Chief of Pakistan Air Force (PAF) Air Chief Marshal Sohail Aman has said PAF has been given orders to shoot down any drones, including those of the US, if they violate the country’s airspace.
Talking to an audience in Islamabad, Aman said that the 2012 attack on Kamra Air Base was the biggest and most unfortunate tragedy in the PAF’s history, Express Tribune reported.
“We suffered a lot of losses in the incident but did not lose our morale. In fact, we have continued the fight against extremism with unflinching vigor and resolve since then, transforming the PAF into a much stronger force.”
Talking about the terror threat emanating from Afghanistan, the air chief was of the opinion that where dozens of countries in the world had failed, the PAF had been successful in bringing about peace.
“Even Indian defence officials attest to our successes on the battlefield,” Aman boasted.
The PAF chief also informed the gathering that in the attack on Kamra Air Base, terrorists managed to destroy one PAF SAB plane completely, and also inflicted considerable damage upon another.
“An international organisation wanted $287 million to cover the material damage that the PAF sustained in the attack, but Pakistan’s bright, young scientists and engineers added two new, fully-functioning fighter planes to our fleet at a fraction of the cost,” Aman said.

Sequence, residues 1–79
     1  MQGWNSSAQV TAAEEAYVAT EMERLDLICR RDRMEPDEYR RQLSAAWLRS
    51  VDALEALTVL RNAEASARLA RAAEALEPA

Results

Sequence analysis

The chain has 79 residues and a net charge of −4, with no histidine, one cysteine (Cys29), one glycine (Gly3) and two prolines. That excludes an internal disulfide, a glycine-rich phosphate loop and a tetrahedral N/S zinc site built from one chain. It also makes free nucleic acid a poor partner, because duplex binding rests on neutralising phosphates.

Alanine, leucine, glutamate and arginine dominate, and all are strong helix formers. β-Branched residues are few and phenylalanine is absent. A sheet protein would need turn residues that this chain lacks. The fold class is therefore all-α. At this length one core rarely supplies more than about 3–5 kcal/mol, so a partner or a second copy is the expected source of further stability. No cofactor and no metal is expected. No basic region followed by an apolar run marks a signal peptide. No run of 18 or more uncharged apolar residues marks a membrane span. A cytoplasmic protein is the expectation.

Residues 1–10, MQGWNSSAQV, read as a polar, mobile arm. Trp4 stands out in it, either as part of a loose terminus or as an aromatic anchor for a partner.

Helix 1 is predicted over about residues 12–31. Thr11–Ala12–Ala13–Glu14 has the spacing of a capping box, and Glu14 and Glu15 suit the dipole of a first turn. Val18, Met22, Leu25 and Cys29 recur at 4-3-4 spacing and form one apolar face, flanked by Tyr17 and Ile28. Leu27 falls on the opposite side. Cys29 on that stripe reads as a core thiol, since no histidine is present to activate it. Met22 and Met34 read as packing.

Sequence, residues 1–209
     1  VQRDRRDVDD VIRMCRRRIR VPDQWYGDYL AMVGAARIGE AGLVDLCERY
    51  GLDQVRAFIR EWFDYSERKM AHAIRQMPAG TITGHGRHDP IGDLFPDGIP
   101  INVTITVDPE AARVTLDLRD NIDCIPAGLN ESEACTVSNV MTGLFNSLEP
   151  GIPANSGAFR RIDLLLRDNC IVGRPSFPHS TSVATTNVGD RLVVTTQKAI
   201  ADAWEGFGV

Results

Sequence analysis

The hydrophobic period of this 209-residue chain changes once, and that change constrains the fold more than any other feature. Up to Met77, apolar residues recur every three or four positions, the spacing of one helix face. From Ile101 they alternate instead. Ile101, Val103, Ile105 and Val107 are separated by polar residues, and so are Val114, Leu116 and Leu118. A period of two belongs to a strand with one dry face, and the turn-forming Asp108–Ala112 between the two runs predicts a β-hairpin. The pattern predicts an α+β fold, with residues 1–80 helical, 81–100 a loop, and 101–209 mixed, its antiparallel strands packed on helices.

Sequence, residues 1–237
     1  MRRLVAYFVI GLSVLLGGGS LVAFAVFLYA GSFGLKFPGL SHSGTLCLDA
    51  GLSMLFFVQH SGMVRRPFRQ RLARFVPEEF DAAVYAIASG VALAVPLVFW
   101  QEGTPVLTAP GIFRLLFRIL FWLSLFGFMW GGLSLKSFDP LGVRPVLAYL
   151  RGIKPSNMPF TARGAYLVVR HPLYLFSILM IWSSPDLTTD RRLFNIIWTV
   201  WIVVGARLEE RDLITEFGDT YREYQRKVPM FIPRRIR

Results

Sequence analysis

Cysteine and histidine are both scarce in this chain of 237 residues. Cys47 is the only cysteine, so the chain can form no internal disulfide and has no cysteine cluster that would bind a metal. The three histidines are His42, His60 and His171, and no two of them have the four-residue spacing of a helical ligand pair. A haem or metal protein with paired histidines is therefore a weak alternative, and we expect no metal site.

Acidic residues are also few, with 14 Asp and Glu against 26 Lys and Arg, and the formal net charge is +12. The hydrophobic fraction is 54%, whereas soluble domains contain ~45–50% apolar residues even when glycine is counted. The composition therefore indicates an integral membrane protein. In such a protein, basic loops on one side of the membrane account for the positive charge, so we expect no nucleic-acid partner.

“After the attack on Kamra Air Base, not only did we set out to make the PAF better and stronger, but we were also determined to guide the nation towards self-sufficiency. Now, Pakistan will make its own fighter jets.”
Discussing security issues at large, the PAF chief noted that the region the country was based in was beset by different challenges and difficulties at the moment.
“Pakistan is unfortunate in the sense that our neighbours are trying to harm us. India, being our sworn enemy, was behind the attack on Kamran Air Base. What do terrorists want from PAF planes?” he asked.
We cannot, though, change our neighbours, Aman said.
“No outside power can engineer a democracy inside a country, nor is democracy the solution to every problem. Examples in Iraq and Libya are in front of us. After the fall of Qaddafi and Saddam, what happened in these countries? Did they get democracy?” Sohail Aman said while talking about Middle Eastern affairs.
(Featured photo for representational purpose)